Heard on the Hill

Franken Thinks Pokemon Go Knows Too Much About You

Minnesota Democrat sends letter to game maker about data its collecting from players

Sen. Al Franken, D-Minnesota, wants Niantic Labs, maker of Pokemon Go, to answer his concerns about user information by Aug. 12. (Tom Williams/CQ Roll Call)

Sen. Al Franken isn't worried about catching Pokemon Go — he's worried about Pokemon Go catching all your data.  

Franken, the ranking Democrat on the Senate Privacy and Technology Subcommittee, wrote a letter to John Hanke, CEO of Niantic Labs, requesting information about Pokemon Go , the app that is the hottest thing since, well, Pokemons.  

[Pikachu's in the House] “While this release is undoubtedly impressive, I am concerned about the extent to which Niantic may be unnecessarily collecting, using, and sharing a wide range of users' personal information without their appropriate consent,” Franken wrote.  

Forbes reports the game had more than 7.5 million downloads in less than a week.  

The former "Saturday Night Live" writer and performer  cited reports that the Niantic “can collect a broad swath of personal information from its players” through the game and expressed his privacy concerns, especially for children.  

“Pokemon Go's privacy policy specifically states that any information collected — including a child's — ‘is considered to be a business asset’ and will thus be disclosed or transferred to a third party in the event that Niantic is party to a merger, acquisition, or other business transaction,” he wrote.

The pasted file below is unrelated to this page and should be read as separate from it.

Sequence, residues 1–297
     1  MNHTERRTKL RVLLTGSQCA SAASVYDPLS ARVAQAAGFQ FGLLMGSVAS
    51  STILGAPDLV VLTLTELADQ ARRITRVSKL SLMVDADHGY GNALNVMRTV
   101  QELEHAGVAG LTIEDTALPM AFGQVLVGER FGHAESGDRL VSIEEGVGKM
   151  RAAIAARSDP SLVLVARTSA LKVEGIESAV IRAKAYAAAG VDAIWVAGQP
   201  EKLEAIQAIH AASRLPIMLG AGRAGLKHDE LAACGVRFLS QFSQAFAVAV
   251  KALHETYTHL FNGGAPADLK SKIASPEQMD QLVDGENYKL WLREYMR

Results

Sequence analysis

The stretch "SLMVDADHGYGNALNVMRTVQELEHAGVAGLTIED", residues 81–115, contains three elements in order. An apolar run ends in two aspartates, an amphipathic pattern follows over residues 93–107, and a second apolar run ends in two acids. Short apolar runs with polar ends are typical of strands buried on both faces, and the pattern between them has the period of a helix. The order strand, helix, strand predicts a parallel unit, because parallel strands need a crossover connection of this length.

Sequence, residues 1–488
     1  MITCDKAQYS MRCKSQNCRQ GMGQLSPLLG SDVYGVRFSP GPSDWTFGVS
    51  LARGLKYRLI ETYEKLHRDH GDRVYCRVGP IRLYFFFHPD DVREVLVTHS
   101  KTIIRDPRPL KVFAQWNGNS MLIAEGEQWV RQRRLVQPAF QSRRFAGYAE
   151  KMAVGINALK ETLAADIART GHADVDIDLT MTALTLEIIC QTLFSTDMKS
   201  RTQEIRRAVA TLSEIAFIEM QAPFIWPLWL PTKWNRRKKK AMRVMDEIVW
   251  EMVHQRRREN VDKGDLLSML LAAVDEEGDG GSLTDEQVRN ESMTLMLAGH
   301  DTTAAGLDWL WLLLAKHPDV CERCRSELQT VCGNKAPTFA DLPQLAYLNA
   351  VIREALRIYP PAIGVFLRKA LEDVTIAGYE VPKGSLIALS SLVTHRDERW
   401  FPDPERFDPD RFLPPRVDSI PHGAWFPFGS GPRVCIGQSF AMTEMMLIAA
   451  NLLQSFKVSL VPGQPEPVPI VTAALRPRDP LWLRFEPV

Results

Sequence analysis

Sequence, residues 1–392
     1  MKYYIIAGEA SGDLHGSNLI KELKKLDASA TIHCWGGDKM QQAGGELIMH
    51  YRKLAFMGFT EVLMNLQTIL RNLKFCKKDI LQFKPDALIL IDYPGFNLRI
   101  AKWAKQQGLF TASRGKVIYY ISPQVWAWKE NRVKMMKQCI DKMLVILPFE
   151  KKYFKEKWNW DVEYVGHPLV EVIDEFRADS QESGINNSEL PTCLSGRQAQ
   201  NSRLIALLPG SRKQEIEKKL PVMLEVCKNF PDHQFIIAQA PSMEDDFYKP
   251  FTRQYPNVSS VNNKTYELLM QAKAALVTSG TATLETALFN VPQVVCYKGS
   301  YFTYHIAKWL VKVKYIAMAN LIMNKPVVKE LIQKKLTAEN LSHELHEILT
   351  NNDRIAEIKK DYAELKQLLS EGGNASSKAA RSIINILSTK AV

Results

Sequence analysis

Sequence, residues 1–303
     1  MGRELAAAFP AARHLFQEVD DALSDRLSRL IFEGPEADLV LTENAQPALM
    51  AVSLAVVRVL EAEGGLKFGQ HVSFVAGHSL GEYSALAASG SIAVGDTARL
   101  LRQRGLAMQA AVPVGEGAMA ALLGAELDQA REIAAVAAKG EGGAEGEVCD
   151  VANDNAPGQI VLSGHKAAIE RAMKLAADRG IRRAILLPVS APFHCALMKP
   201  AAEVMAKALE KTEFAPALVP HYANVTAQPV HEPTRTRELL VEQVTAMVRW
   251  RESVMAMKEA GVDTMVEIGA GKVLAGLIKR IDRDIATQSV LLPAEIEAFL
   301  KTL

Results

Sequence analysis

Franken requested responses to inquiries about collecting users’ personal information and Pokemon Go’s requests to access mobile capabilities in users’ phones. He also asked that Niantic change the game to allow users to opt-in if they want to share personal information, instead of requiring them to opt-out, as the game is configured now.  

He also asked for a list of service providers with whom Pokemon Go shares user information, why it shares information, how children’s information can be protected and how users’ Google accounts used to sign in can be protected.  

Franken wants Hanke to answer his questions by Aug. 12.

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